Sermon on Luke 2: 15-21 (and Romans 4: 8-14) St Matthew’s, 2 January 2011
Luke’s story of the shepherds visiting the baby Jesus in his manger is all of a piece with one of the big theme in his gospel: that Jesus is on the side of the poor and powerless.
Here at Jesus’ birth the first people to come and see him are shepherds – who for the most part were viewed as lower class in first century Palestinian society and certainly weren’t very well off. At his resurrection the first people to see him alive will be a group of women who then - as for much of the intervening centuries – were seen as second class to men. Luke is always putting poor and powerless people at the heart of his story about Jesus.
Where Luke has shepherds visiting the baby Matthew has Magi – important religious figures who, when they turn up in, what is for them, a foreign country, appear to have instant access to the ruling authorities (in this case King Herod). The visit of the Magi is full of symbolism about the true nature of kingship and power but sounds a bit implausible to me – who would actually bring a baby gold, frankincense and myrrh: surely a rattle would be much more appropriate. The visit of the shepherds always seems somewhat more realistic - a real spontaneous response by a group of ordinary people to an event which somehow they grasp is going to change the world for them.
Luke throughout his gospel is much more concerned with Jesus’ impact on ordinary people than the powers that be. This isn’t to say that he is unconcerned about power-relations in society and in particular the relationship between rich and poor, the powerful and powerless.
On the contrary Luke is, for example, much more interested, than say Matthew, in Jesus’ political teaching about poverty and oppression. Matthew does record Jesus speaking about these things but he tends to see Jesus speaking of them in spiritual rather than physical terms. When Luke speaks of poor people – he means people who don’t have a lot of money. When Matthew speaks of poor people – he means people who are spiritually impoverished. Of course this exaggerates the difference in perspective because Luke knows that people who are financially poor are less likely to have time for spiritual things and Matthew knows that those who are financially wealthy are going to have greater problems with Jesus’ spiritual demand to give up everything in order to follow him. But in general Luke sees Jesus as ‘biased towards the physically poor’ whereas Matthew seems to see this less clearly.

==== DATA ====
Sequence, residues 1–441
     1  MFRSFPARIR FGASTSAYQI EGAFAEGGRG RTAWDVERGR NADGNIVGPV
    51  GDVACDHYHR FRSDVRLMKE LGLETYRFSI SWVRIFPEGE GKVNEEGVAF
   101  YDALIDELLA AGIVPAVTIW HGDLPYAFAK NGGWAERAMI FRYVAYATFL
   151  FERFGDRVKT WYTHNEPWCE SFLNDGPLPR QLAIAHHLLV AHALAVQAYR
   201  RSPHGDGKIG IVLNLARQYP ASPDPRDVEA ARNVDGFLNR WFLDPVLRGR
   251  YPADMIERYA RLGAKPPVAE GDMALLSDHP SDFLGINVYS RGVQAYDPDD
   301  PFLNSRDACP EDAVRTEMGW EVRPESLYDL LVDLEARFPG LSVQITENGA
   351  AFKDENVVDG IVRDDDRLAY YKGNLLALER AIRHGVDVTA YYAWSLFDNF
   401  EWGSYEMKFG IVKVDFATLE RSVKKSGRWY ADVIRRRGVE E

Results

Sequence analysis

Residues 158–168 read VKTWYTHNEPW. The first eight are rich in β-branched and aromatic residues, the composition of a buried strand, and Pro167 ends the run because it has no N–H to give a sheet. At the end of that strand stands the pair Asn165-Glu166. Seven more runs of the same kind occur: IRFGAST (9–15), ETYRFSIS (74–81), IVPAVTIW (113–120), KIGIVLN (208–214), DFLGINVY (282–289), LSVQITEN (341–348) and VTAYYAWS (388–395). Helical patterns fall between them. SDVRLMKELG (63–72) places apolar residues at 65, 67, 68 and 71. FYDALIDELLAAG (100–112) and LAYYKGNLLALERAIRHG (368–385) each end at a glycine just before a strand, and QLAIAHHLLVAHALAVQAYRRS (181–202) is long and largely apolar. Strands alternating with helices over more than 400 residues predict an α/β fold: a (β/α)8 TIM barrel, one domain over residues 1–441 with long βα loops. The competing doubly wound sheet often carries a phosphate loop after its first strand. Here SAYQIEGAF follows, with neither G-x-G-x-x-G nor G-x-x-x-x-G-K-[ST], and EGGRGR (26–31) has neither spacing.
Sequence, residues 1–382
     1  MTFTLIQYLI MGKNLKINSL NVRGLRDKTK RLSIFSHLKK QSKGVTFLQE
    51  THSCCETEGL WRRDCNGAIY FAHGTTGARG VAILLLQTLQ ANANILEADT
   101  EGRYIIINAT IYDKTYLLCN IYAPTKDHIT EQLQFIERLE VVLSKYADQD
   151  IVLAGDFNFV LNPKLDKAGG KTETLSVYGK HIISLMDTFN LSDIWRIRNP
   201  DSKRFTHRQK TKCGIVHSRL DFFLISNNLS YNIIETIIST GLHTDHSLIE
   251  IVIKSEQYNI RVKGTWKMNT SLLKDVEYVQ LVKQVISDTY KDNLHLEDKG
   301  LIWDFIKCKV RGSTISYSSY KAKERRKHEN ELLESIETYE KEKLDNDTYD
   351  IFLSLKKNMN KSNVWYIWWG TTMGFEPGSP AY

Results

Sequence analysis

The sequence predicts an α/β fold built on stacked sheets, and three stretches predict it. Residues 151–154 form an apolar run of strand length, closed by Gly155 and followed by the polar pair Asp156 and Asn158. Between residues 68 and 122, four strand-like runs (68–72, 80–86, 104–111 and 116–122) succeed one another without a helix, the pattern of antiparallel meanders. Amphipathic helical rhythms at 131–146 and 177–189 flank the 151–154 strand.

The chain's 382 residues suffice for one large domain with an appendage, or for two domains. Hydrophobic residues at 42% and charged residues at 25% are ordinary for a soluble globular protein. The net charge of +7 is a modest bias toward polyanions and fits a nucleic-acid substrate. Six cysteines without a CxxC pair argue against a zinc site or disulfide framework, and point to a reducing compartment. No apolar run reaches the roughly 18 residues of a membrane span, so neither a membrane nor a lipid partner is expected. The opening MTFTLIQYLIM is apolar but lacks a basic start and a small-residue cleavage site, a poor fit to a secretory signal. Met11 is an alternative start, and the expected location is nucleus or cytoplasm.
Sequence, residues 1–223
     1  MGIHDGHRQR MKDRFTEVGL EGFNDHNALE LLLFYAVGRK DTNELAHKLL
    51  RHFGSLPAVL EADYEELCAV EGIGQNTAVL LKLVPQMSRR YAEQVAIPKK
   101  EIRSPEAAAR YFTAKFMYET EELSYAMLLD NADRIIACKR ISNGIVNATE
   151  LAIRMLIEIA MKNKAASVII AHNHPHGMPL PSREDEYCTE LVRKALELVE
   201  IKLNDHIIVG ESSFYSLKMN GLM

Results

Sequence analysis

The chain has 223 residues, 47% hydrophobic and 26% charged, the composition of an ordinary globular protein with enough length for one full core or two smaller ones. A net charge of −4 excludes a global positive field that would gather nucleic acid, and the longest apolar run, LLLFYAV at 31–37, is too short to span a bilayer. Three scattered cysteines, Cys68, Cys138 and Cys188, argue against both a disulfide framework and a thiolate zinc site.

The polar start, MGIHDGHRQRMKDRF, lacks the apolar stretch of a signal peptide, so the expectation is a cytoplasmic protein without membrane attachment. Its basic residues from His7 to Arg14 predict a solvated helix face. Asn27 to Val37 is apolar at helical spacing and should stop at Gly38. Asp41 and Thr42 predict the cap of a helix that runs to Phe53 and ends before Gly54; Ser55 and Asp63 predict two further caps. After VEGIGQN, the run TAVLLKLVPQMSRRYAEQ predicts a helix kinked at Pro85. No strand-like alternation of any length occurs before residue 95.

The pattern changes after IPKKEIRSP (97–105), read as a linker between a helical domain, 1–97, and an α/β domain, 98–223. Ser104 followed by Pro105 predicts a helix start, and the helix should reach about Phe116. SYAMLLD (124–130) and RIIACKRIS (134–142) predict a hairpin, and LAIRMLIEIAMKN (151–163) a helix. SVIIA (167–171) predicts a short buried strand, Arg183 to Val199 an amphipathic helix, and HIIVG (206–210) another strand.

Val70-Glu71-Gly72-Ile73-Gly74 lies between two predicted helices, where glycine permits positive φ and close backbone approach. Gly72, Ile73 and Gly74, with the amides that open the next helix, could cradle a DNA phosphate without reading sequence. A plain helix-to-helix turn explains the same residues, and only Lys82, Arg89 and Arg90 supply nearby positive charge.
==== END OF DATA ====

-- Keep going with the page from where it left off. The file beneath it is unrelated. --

This difference in perspective of the two gospel writers is reflected in the debate about Jesus’ teaching that has echoed down the ages. Is the good news for everyone or is it only for those who God has special regard for.
The gospel reading – as well as recording the visit of the shepherds – also records the circumcision of Jesus and the epistle reading picks up on this. Paul in his letter to the Romans is arguing that the coming of Jesus makes it clear that it’s not circumcision which makes you a member of God’s chosen people but faith (and even suggests that ‘twas ever thus – that people just hadn’t really seen it that way before). In other words Paul is saying that the good news of the birth, life, death and resurrection of Jesus is for everyone – not just a select few who have gone though a particular initiation right.
We are now fairly used to the idea espoused by Paul in his letter to the Galatians that ‘There is no Jew nor Greek, there is neither slave nor free, there is neither male nor female, for you are all one in Christ Jesus’ – even if it has taken around 2000 years for us to take this on board. But does this mean that God has no special favourites anymore? Isn’t he biased towards the poor and powerless? Does he not have special regard for these people?
I would suggest that the good news of the gospel is good news precisely because Jesus has come primarily (as he himself claimed at the very start of his ministry) ‘to preach good news to the poor..proclaim release to the captives and recovery of sight to the blind, to set at liberty those who are oppressed’ This isn’t good news for the rich and powerful. It’s not even saying ‘I have come to warn the wealthy oppressors that they better change their ways. It’s arguing that what he says and does will have a direct impact on marginalised, poor and powerless people – like the shepherds that night in the fields outside of Bethlehem – regardless of what establishment, rich and powerful people do.